Marlena Elizabeth was born on April 13, 1999. She was a beautiful baby. Shortly after birth, she experienced hypothermia and difficulty sucking. Little did I know that these were the first signs that her development wasn’t normal. She was a very quiet, happy baby that drooled all the time and had poor head control. Shortly before 7 months of age while in a doctor’s office, she displayed a rare and devastating seizure called infantile spasms. She was sent immediately to a hospital for evaluation.
Several weeks later after receiving permission from the NORD, she was able to start daily ACTH steroid injections and within days her spasms stopped. She had to receive injections for 2 months and was in and out of the hospital daily for monitoring. Marlena was fortunate, as only 10% of patients respond to ACTH. Her neurologist stated that most babies with infantile spasms are profoundly impaired and may never walk or talk. Infantile spasms is often a sign of a chromosome disorder and in this case, blood work confirmed Marlena had a duplication of a small piece of genetic material. She had a disorder called idic(15), one type of dup15q syndrome. Our lives changed forever. No longer was it just getting her to daycare and attending all her brother’s activities, she now had OT, PT, speech therapy, early intervention, medication and a multitude of doctor appointments.
Marlena’s development was delayed. She walked on her second birthday. She said her first words around 4 years of age and hasn’t stopped talking since. She has been in special education with therapies and fast forward many years, she can read, type and has mastered the iPad. She is currently practicing job skills at school and loves to shred, type and of course, talk on a phone.Marlena is my hero, as she has had more medical tests, lab work, and has been to more specialists than any person I know. Despite that, she takes all this in stride. She has a love of people. She must know your name and remembers it. She has incredible empathy for others and loves to help people. She enjoys her family and her dog. In her free time, she likes to hang out with her friends including Riley, Emilie, and Ella – all of whom have dup15q syndrome – and her friends at Vittum Park. Despite the challenging symptoms of dup15q syndrome, she has won over 100 Special Olympic medals and participates in Special Gifts Theatre productions. She attends a private school for people with autism.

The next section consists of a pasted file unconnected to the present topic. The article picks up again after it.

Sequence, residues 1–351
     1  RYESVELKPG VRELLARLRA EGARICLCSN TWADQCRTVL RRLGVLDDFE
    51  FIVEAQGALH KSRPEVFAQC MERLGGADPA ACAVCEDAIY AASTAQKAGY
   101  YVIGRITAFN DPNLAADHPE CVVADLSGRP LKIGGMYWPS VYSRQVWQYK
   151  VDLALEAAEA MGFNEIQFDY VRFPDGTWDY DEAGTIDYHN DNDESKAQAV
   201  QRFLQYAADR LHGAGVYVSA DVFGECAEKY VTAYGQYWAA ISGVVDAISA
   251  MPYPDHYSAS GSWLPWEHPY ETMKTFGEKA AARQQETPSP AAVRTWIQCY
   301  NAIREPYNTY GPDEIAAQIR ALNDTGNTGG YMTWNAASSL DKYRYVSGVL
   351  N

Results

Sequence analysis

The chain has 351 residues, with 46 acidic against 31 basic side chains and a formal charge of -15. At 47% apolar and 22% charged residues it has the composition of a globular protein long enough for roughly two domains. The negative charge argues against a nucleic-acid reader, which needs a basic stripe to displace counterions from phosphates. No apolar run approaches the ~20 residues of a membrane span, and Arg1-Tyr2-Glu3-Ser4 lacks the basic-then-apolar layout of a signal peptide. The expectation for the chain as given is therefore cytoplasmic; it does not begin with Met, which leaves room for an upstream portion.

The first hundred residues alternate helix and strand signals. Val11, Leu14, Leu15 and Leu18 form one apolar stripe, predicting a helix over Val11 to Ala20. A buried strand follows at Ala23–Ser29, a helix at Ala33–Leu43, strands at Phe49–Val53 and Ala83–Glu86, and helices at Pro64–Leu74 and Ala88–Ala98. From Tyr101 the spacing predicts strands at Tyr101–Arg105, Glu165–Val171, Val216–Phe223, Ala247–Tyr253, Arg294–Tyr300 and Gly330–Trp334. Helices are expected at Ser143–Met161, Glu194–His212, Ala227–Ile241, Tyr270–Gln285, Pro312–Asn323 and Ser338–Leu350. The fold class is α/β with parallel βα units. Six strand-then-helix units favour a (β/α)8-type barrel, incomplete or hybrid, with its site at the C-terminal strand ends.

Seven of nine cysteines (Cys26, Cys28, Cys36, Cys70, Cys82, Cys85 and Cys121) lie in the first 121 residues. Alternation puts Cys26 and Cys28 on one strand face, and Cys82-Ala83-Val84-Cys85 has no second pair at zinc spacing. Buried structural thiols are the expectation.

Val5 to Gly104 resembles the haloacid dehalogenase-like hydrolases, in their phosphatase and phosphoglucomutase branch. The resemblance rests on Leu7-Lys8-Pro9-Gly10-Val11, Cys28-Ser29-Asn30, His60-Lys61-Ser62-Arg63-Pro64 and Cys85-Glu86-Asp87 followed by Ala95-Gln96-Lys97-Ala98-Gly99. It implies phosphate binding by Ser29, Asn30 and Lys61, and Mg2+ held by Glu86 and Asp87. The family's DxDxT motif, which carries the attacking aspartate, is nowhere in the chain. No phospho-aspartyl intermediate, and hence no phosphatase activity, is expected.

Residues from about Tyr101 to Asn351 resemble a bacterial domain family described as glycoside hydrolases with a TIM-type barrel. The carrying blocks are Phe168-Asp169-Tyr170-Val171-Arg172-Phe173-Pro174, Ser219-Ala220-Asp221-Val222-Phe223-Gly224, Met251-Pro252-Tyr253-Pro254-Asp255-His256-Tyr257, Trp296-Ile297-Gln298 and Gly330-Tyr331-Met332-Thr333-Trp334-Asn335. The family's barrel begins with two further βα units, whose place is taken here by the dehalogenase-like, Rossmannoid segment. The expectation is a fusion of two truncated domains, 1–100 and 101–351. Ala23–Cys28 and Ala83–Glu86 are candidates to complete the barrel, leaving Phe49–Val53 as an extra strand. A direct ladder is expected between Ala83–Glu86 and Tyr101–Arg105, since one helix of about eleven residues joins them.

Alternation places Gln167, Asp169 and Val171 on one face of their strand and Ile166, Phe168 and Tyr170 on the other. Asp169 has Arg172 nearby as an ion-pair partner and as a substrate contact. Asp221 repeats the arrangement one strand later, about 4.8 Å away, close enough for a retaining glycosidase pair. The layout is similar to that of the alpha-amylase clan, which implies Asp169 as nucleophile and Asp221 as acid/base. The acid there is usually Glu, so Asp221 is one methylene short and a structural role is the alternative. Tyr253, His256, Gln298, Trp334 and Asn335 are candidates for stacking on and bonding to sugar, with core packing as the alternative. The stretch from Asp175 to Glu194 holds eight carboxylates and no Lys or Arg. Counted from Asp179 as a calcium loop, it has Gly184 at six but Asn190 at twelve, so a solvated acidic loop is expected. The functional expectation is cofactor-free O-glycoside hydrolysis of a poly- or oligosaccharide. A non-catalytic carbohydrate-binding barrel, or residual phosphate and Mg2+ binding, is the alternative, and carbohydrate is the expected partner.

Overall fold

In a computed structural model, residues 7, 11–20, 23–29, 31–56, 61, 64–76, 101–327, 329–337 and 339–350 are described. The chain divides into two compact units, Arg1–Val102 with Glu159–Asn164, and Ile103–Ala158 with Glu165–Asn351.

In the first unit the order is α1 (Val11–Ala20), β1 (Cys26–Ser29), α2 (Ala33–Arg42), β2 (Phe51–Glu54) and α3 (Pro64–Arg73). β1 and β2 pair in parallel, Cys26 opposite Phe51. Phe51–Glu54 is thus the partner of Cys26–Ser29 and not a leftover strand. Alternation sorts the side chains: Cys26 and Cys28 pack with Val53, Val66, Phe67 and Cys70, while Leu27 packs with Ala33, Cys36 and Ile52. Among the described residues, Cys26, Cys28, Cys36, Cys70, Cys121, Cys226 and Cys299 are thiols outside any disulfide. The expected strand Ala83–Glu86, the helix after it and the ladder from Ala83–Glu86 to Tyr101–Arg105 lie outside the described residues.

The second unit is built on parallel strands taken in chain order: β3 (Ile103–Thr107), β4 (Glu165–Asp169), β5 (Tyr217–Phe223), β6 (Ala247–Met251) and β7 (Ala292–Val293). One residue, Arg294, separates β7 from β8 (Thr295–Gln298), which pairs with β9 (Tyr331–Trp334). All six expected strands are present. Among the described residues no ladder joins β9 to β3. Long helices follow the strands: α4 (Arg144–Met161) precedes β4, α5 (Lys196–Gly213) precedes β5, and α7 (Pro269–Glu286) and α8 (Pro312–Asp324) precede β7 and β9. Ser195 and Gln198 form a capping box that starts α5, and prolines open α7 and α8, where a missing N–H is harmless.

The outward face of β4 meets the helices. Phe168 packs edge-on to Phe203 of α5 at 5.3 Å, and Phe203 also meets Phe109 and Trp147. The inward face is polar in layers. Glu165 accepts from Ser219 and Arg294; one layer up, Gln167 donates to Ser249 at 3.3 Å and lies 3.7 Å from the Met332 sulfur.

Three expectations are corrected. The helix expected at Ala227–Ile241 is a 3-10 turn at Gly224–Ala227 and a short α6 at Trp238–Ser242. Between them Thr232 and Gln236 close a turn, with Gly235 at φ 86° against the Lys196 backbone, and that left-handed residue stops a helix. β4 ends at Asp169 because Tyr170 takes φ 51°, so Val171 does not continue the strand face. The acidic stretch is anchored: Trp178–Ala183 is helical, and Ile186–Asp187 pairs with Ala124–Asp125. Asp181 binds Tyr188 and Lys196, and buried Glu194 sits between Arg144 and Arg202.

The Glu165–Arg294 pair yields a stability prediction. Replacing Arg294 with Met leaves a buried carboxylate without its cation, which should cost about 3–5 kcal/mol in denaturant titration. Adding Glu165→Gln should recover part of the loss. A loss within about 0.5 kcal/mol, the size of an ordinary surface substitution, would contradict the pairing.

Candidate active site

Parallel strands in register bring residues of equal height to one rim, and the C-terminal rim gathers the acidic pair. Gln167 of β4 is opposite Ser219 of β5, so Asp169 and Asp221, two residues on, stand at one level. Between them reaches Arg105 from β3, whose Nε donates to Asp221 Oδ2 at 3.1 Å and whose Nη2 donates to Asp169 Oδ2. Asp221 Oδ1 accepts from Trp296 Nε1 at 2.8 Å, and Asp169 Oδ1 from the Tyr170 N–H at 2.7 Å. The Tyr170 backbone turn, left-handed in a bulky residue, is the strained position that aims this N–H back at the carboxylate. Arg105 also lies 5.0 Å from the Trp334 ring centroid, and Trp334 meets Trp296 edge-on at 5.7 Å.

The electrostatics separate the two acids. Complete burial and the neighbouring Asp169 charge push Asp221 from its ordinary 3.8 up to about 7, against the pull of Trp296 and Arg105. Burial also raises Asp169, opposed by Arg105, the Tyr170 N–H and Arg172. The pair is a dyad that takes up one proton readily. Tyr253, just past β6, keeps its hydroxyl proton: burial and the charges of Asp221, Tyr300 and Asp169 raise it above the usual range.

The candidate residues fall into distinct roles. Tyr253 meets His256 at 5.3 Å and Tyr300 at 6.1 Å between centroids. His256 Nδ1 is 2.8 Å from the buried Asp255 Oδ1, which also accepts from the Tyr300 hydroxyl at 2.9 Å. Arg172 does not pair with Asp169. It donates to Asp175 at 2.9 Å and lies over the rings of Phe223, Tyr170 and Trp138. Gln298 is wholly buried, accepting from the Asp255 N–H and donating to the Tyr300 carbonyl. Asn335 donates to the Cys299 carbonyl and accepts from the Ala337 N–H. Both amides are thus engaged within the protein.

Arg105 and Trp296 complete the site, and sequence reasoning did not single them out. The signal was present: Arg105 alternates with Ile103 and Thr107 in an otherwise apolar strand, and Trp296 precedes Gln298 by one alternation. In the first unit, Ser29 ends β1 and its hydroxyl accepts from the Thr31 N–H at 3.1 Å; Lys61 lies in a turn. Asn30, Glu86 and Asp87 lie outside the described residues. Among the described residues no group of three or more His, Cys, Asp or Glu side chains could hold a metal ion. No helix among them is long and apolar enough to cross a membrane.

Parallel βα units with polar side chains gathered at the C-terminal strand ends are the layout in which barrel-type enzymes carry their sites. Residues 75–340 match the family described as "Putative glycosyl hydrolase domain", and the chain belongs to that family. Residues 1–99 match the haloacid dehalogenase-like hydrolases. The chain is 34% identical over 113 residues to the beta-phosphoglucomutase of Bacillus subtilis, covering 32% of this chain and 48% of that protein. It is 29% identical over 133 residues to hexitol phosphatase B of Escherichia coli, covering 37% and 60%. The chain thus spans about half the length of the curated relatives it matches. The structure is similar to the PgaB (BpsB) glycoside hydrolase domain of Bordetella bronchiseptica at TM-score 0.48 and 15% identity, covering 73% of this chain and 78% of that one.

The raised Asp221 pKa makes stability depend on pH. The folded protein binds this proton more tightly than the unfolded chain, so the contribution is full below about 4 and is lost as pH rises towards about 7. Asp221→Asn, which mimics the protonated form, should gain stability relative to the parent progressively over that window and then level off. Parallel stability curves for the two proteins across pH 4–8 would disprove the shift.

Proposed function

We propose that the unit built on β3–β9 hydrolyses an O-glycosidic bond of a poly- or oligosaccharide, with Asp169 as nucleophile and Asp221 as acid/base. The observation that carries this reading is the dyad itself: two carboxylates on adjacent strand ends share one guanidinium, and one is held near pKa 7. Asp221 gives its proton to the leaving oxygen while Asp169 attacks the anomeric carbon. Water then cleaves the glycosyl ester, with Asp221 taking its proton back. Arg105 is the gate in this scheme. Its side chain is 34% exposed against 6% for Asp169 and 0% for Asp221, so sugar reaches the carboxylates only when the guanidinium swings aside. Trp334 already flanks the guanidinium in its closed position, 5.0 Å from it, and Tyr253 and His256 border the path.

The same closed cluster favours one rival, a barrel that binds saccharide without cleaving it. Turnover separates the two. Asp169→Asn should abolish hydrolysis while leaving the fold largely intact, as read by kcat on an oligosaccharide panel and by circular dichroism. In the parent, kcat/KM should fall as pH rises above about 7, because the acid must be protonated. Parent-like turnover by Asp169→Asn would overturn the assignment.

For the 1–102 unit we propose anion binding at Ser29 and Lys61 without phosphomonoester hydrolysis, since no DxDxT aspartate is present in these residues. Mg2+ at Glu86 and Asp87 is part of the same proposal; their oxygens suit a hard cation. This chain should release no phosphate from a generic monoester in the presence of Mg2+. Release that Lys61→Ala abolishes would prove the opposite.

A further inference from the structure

Marlena is best noted for her high energy level. She is often impulsive, yet has a very social, hyper verbal and engaging personality. Her afflictions are severe anxiety, sensory disorder, autism, ADHD, developmental delay and seizures. Unfortunately, 4 months ago, very difficult to treat seizures returned. She has been in and out of hospitals and doctor’s offices since. She had been seizure free since 2009. As a result of seizure medication , she has regressed, is not as social, not as hyper, not the Marlena we have come to know and love. Despite medication, she still has seizures and with seizures comes the worry of sudden death, especially since her seizures primarily occur in her sleep.
My hope is that with more research and a better understanding of her condition, dup15q syndrome, new interventions will be discovered to make everyday struggles, including seizures, non-existent. I have so many dreams for her and with your help, I know we can help some of them come true! Soon after her diagnosis, I was welcomed by an amazing community of others with children and family members with idic(15). Dup15q Alliance is a lifeline to families and is the only organization working with doctors and scientists to further understanding and treatments specifically for dup15q syndrome.